As a student at the Farquhar College of Arts and Sciences, Emma Magner learned that it’s acceptable––and often life changing––to move in a new direction or follow a passion on the “unknown path.”
Recognized as an Outstanding Student of the Class of 2014, Magner graduated with bachelor’s degrees in marine biology and theatre and represented her classmates as the student speaker at Commencement.
Fascinated by science at a young age, Magner started her undergraduate studies as a marine biology major. As a freshman, she packed her schedule with prerequisites and courses that fit her major, leaving her to choose just one elective.
She chose theatre “just for the fun of it,” not foreseeing that the discipline would become her second major in her junior year.
“At first, I was hesitant to alter my original course,” Magner said. “But through the freedom that NSU gave me, I had the opportunity to find myself and nurture my passion for theatre” as well as marine biology.
Growing up in southern Illinois, Magner made frequent visits to Florida with her family.
“I fell in love with the ocean,” she said, sparking her interest to study marine science at NSU. “From a young age, I loved science and nature. I knew I wanted to be a marine biologist. In high school, I was involved in drama and I loved that as well. I was very passionate about both of them.”
During her first semester at NSU, Magner won a role of Cecily in the theatrical production of The Importance of Being Earnest. During the next three years, she acted in several productions and worked in technical positions or as stage manager behind the scenes. Her performances included the roles Brenda and the clown/therapist in Wonder of the World; Elmire in Tartuffe; Angel in Everyman; and Cassandra in The Trojan Woman.
“Acting took me away from the pressures of school,” she said. “It wasn’t science. It kept me involved. It helped give me balance.
“Theatre is an expressive outlet. It puts a joy in my heart. I love the adrenaline of being on stage. It is unpredictable. If something happens, the show must go on.”
As a marine biology student, Magner participated in travel-study courses, exploring environments in the Galapagos Islands and Baja California, Mexico, where she made a documentary about a whale-watching trip.
This summer, she will travel to Alaska with a group of students led by Paul Arena, Ph.D., assistant professor at the college, whom Magner considers one of her mentors.
“She was always a delight to have in my classes,” Arena said. “She always put her best foot forward, maintained an excellent attitude, and was generally a positive spirit, which lifted up all those around her. She pushed herself to learn and understand the material, which I believe encouraged others in the class to do the same. The passion for knowledge is catchy and contagious, and Emma surely has the bug.”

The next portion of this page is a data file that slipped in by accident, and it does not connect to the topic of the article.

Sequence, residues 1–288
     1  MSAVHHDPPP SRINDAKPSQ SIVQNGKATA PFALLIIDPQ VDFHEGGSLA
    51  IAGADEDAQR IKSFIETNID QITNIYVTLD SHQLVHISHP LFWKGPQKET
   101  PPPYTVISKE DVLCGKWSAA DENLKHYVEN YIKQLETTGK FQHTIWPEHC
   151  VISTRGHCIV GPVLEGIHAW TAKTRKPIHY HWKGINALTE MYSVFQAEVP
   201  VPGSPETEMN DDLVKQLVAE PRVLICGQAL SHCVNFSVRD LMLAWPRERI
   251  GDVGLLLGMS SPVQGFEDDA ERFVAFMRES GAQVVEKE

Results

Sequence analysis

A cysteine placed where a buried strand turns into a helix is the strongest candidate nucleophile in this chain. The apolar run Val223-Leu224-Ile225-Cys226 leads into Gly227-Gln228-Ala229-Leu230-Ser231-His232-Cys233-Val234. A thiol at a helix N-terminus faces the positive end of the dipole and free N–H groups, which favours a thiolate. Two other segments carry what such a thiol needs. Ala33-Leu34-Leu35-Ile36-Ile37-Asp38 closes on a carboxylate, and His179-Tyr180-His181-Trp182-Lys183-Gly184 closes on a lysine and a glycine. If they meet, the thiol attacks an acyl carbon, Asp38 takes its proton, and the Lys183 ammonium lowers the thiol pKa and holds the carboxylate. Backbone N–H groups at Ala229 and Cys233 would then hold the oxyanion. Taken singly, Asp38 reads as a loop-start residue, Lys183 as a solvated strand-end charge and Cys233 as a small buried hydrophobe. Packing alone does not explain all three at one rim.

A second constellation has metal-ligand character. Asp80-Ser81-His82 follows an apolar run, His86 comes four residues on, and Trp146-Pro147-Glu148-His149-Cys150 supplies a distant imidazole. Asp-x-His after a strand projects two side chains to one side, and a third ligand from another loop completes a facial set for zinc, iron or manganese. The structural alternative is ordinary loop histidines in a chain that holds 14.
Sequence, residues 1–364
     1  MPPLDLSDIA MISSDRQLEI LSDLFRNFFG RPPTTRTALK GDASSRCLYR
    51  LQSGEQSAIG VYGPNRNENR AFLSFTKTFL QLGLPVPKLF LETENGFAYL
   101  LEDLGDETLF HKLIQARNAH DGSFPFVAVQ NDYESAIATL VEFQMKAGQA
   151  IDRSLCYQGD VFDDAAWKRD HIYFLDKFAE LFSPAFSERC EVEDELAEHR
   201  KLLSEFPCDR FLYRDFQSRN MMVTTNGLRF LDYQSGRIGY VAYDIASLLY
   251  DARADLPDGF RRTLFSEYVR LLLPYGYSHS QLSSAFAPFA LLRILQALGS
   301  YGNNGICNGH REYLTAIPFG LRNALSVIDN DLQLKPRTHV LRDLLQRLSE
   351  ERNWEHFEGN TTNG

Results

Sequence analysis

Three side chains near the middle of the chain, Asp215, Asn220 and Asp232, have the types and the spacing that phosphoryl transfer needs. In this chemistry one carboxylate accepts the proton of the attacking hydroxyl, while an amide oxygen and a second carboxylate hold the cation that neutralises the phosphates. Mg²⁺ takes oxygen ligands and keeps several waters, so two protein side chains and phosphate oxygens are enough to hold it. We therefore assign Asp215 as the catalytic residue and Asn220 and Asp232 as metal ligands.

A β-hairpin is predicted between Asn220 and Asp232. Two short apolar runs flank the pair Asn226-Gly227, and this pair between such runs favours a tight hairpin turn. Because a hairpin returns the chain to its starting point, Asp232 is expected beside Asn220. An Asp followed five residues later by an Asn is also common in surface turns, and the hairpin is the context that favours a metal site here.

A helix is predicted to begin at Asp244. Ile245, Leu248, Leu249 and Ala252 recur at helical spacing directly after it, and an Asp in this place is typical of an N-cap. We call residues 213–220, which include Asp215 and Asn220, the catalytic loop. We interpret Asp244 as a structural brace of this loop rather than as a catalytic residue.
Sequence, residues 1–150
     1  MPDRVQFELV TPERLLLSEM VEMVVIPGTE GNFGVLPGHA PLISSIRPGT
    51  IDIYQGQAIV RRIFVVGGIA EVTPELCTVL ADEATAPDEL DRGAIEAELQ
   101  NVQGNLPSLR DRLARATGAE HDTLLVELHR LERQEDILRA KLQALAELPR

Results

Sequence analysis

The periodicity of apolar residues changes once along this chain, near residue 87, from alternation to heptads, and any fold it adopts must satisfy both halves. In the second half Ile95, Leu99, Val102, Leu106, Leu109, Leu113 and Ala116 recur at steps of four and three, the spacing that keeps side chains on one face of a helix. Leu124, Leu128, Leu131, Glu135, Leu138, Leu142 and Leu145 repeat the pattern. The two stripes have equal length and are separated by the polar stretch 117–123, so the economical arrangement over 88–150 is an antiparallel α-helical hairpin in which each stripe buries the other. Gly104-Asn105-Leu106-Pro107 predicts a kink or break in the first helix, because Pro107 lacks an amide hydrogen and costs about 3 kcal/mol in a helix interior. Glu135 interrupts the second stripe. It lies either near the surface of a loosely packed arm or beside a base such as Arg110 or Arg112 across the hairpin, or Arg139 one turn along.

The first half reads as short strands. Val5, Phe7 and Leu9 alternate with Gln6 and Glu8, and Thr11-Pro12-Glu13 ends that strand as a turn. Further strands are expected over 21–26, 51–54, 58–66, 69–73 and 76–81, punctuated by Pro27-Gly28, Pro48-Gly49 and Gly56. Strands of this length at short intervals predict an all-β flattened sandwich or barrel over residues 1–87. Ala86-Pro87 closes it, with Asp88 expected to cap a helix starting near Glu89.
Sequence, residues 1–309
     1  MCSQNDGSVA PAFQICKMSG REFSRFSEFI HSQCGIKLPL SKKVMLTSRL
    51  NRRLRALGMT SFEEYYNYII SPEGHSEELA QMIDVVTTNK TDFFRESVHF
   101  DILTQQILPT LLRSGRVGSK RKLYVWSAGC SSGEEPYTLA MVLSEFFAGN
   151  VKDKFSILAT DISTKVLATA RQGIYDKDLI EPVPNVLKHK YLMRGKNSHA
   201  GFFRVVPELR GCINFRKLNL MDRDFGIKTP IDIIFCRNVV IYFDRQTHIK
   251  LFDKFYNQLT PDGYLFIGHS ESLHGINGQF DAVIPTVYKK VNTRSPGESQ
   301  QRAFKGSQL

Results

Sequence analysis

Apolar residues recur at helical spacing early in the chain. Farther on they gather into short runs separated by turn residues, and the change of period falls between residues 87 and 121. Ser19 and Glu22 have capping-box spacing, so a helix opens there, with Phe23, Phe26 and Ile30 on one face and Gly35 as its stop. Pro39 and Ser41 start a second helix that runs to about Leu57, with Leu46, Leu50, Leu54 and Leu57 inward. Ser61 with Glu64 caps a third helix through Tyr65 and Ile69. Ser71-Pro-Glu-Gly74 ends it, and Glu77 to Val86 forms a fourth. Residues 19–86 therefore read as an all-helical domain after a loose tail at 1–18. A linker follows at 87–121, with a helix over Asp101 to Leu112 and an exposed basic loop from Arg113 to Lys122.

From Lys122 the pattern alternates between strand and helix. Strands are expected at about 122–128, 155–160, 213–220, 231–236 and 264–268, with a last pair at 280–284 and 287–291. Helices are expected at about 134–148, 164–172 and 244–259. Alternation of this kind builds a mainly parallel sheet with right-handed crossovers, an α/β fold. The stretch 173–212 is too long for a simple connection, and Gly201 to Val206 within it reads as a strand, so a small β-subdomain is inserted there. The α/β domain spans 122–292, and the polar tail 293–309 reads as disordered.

An active member of NSU’s Nature Club, Magner participated in beach cleanups, butterfly garden plantings, exotic species removals, and the planting of native vegetation outside NSU’s Parker building.
In Alaska, she will observe the diversity of large megafauna and wildlife such as bears, wolves, moose, whales, sea lions, and sea otters in their natural habitat, Arena said.
“These trips have broadened my perspective on life and have really solidified how passionate I am about nature and the organisms with which we share our world,” said Magner, who hopes to eventually work on coral, sea grass, or oyster bed restoration projects.
“I want to give back to the environment. I want to leave some mark on the world.”
She credits her NSU professors for helping her succeed in college, including Arena and Mark Duncan, M.F.A., associate professor and assistant director of the college’s Division of Performing and Visual Arts. Duncan gave Magner the confidence to add theatre as a second major during her junior year, she said.
“Emma is a true collaborator and had a great rapport with both the faculty and her fellow classmates. Her infectious optimism and positive demeanor were great assets to the theatre program,” Duncan said.
The late faculty member Edward O. Keith, Ph.D., sparked her interest in marine mammals and encouraged her to pursue internships at facilities such as the Dolphin Research Center in Grassy Key (Florida Keys), and Sea Life Park Hawaii on the island of Oahu, where she worked with dolphins and sea lions.
“Being at NSU was really an uplifting experience,” said Magner, who hopes to earn a graduate degree in marine biology and work in marine mammal research as well as perform in community theatre.
“I will always have a passion for acting. I don’t want to let it die. I’m definitely going to keep both passions in my life.”
At Commencement, Magner encouraged her classmates to embrace the unknown path ahead.
“Remember life is not set in stone, and it is okay to take a step back and get lost on this unknown path––the unknown path that presents the wonderful journey of life. Getting lost will only help us find ourselves, bringing forth possibilities and challenges…Embrace the freedom of not knowing what lies ahead.”